Disturbing Concern Raised About Land for US Base

Critics fear remains of unaccounted war dead are in soil being used for Okinawa construction
By Bob Cronin,  Newser Staff
Posted Feb 1, 2021 10:20 AM CST
Disturbing Concern Raised About Land for US Base
This 2018 aerial photo shows preliminary construction work off of Henoko in Nago City, located in Japan's Okinawa prefecture, where the Japanese government plans to relocate a US air base from one area of Okinawa's main island to another.   (Koji Harada/Kyodo News via AP, File)

The project is controversial enough: Japan is building a new military base for the US in Okinawa to replace another that's being shut down, and the vast majority of Okinawans oppose the coastal construction, reports Stars and Stripes. In fact, local groups have asked President Biden to reconsider plans for the new base in the Henoko district. Now, a report in the Asahi Shimbun raises a disturbing new wrinkle: fears that the remains of war dead are being inadvertently scooped up for use in the construction. Okinawan authorities estimate that nearly 2,800 people who died during the 1945 Battle of Okinawa remain unaccounted for, having died where they fell in remote spots. Volunteers have spent the decades since attempting to find and identify remains, and the report highlights one such volunteer's discovery of a jawbone and bullets in a cave in September.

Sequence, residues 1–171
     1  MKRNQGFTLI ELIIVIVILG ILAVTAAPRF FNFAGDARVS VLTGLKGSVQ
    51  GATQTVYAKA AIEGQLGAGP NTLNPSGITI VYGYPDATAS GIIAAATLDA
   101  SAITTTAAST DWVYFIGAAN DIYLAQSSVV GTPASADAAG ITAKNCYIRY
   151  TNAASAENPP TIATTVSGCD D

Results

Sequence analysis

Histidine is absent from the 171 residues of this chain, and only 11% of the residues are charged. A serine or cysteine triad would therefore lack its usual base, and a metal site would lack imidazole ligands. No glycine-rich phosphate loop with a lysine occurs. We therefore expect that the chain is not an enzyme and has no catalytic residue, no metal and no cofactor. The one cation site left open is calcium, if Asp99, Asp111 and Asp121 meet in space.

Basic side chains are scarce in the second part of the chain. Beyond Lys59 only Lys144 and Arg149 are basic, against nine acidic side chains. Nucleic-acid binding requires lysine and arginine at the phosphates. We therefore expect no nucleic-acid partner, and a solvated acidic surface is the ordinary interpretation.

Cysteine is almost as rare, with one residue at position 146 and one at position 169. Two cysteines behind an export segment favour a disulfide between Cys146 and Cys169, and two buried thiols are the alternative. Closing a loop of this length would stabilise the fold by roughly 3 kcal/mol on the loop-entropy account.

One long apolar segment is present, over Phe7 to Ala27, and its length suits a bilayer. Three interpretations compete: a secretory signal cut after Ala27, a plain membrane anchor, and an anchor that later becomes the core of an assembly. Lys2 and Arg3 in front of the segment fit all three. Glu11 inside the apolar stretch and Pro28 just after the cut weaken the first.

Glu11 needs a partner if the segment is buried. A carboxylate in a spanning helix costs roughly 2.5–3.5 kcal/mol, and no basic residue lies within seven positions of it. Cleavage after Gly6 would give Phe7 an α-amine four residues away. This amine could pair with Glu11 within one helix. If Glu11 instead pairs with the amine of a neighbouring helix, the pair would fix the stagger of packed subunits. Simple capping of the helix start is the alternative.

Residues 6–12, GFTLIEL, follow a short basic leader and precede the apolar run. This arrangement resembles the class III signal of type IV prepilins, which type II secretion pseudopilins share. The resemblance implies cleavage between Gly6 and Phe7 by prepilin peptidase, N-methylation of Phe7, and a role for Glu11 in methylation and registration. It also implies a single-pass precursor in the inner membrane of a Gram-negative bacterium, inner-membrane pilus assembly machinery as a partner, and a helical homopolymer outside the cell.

The volunteer alerted authorities, but when he returned to the area in November, he discovered that it had been cleared and declared a quarry. Such quarries are popular these days. It seems that the military project in Henoko is in dire need of soil and stone because the nearby earth is too soft, and that has led to excavators rushing to score contracts, per the report. Critics, however, say the government doesn't have proper safeguards in place to ensure that the remains of war dead aren't included. One suggestion is to bar soil from the southern part of the island, where volunteers focus their searches. "The welfare ministry must make even more detailed efforts to grasp and preserve areas where war remains might be found as well as appraise the remains that are uncovered," says a history professor at Tokyo's Teikyo University. (More Okinawa stories.)

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